Think The Japanese Disaster Is Just What The Keynesian Doctor Ordered? Mo Says No

Tyler Durden's picture

That would be Mohamed El-Erian from Pimco, by the way, who first among the lunatic fringe (here's looking at you Goldman and Kudlow), admits that contrary to what all the Koolaid guzzlers claim, the Japanese quake may not be what the Keynesian doctor ordered after all. We urge readers to read this piece as a counterpoint to Goldman's stern defense that the Japanese quake is but a scratch, and one that will lead to world peace, prosperity and a doubling (give or take) of global GDP. In fact, El-Erian tells all the pundits who in addition to permabulls are also suddenly nuclear physicists and geologists, to shut the hell up, "as tempting as they may be, analytical shortcuts are best avoided
at this early stage.
It will take time and thorough analysis to specify
the true consequences of Japan’s triple calamity, including the
longer-term impact on its economy and that of the rest of the world. The Japanese have shown admirable courage in the face of unthinkable
tragedy. I have no doubt that a successful reconstruction program will
lead their country to recovery. In the meantime, however, the urgency of
restoring a sense of normalcy and hope to a dramatically wounded
society warrants thoughtful and deep analyses
." On this matter, we couldn't agree more.

From PIMCO:

Understanding Japan’s Disasters, by Mohamed El-Erian

  • Japan’s reconstruction challenge will likely be more difficult than after the Kobe earthquake.
  • Negative wealth and income effects this time around will be more severe, and the recovery process will probably take longer and be more complex.
  • Japan's disasters will add to the global economy’s headwinds.

As we all struggle to comprehend the economic and financial impact of
Japan’s calamity, it is tempting to seek historical analogies for
guidance. Indeed, many have been quick to cite the aftermath of the
terrible 1995 Kobe earthquake. But, while that example provides some
insights, it is too limited to understand what lies ahead for Japan, and
excessive reliance on it could undermine appropriate policy responses,
both in Japan and abroad.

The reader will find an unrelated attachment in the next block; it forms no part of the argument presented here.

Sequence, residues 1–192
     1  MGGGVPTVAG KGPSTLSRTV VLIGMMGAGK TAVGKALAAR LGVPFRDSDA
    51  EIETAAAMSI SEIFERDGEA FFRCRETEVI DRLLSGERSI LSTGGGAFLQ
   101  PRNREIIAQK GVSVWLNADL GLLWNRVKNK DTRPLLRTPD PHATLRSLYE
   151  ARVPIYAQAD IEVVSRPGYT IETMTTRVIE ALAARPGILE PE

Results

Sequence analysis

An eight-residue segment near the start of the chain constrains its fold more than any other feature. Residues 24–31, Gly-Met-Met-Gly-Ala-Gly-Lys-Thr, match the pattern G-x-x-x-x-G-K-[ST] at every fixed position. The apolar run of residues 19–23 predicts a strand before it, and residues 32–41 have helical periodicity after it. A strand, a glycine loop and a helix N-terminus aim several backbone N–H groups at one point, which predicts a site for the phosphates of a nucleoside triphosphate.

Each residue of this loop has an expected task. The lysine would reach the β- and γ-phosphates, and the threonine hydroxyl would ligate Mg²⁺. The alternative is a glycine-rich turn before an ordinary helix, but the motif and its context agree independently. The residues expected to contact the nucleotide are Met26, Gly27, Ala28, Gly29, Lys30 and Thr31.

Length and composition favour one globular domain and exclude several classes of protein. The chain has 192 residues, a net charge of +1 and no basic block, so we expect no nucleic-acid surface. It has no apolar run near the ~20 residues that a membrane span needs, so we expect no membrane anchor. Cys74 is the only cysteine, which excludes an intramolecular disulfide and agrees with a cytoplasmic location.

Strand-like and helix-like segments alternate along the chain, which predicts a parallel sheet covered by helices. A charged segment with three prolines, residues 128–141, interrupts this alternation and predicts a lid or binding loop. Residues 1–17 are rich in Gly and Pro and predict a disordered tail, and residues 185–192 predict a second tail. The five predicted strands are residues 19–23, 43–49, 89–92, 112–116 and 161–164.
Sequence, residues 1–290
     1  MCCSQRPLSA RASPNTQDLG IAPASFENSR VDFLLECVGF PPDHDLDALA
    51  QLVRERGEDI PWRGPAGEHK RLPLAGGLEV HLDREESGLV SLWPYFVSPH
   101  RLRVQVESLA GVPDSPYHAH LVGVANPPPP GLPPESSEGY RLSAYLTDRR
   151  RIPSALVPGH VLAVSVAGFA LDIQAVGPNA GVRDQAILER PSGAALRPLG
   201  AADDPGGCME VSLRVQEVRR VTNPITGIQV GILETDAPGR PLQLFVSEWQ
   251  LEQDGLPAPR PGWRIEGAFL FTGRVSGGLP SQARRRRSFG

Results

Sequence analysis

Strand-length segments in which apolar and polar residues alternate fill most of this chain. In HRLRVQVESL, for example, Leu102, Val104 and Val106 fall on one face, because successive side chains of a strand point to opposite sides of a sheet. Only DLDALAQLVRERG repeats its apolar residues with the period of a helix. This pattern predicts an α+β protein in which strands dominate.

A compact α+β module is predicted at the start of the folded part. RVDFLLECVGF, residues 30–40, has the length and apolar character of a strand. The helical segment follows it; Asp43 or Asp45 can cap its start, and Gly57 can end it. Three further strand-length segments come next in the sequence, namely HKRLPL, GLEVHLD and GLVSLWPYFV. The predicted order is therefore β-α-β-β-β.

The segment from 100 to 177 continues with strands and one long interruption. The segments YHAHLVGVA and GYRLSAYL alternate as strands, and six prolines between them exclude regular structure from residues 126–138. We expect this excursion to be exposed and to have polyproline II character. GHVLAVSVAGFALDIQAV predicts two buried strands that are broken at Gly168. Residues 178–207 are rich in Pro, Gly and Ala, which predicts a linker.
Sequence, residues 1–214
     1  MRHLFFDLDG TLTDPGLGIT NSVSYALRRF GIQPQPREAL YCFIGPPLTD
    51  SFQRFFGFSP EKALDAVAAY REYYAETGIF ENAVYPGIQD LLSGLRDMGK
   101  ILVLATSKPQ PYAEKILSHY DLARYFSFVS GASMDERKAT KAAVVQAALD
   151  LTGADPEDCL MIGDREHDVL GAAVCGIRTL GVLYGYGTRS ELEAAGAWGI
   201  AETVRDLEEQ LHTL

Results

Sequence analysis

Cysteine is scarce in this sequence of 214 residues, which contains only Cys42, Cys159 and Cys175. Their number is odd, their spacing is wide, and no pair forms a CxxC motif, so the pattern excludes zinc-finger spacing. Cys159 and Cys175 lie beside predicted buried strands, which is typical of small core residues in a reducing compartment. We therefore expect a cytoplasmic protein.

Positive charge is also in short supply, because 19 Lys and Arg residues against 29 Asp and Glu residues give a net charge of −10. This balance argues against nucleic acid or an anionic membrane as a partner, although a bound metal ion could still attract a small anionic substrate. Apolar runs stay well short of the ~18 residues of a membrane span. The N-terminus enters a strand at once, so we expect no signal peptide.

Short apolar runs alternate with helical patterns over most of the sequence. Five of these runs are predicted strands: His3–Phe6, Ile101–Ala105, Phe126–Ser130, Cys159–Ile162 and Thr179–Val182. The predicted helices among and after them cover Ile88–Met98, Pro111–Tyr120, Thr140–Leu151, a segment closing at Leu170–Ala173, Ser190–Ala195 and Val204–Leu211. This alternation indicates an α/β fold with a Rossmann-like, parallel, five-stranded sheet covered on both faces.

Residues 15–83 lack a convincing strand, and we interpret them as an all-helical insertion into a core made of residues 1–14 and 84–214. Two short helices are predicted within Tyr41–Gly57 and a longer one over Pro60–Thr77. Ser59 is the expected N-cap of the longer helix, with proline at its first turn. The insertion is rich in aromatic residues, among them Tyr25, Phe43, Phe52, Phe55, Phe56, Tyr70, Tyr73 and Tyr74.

First, let us consider the similarities between Japan’s current
tragedy and that of 1995. Both involved terrible earthquakes that
resulted in tremendous human suffering and large-scale physical damage.
Both required the Japanese government to display considerable agility in
its rescue efforts. Both triggered multiple offers of help from friends
and allies around the world. In both cases, wealth destruction was
accompanied by disruptions to daily economic life.

There are also important forward-looking similarities. As with the
aftermath of Kobe, the current focus on rescuing survivors will be
followed by a huge reconstruction program. Massive budgetary allocations
will be made (2% of GDP in the case of Kobe). Affected households will
receive financial assistance to help them restore some normalcy to their
lives. Roads, housing, and much other infrastructure will be repaired
and upgraded.

These similarities have led several economists to provide early
predictions of the national and global economic consequences, including a
sharp V-like recovery in Japan’s growth rate in 2011, as the initial
downturn is followed by a surge in economic activity, implying a rapid
recovery in Japan’s tax base and level of GDP. Such predictions counsel
caution against over-reaction by policymakers outside Japan. Rather than
immediately incorporating Japanese developments into their thinking,
policymakers should treat the effects on the global economy as
“transitory” – that is, temporary and reversible – and thus “look
through” them in designing their responses.

But there is a risk that this approach could understate the Japanese
disaster’s domestic and international consequences. As such, it could
contribute to insufficient responses in Japan itself – from the
government to individual companies and households – as well as in other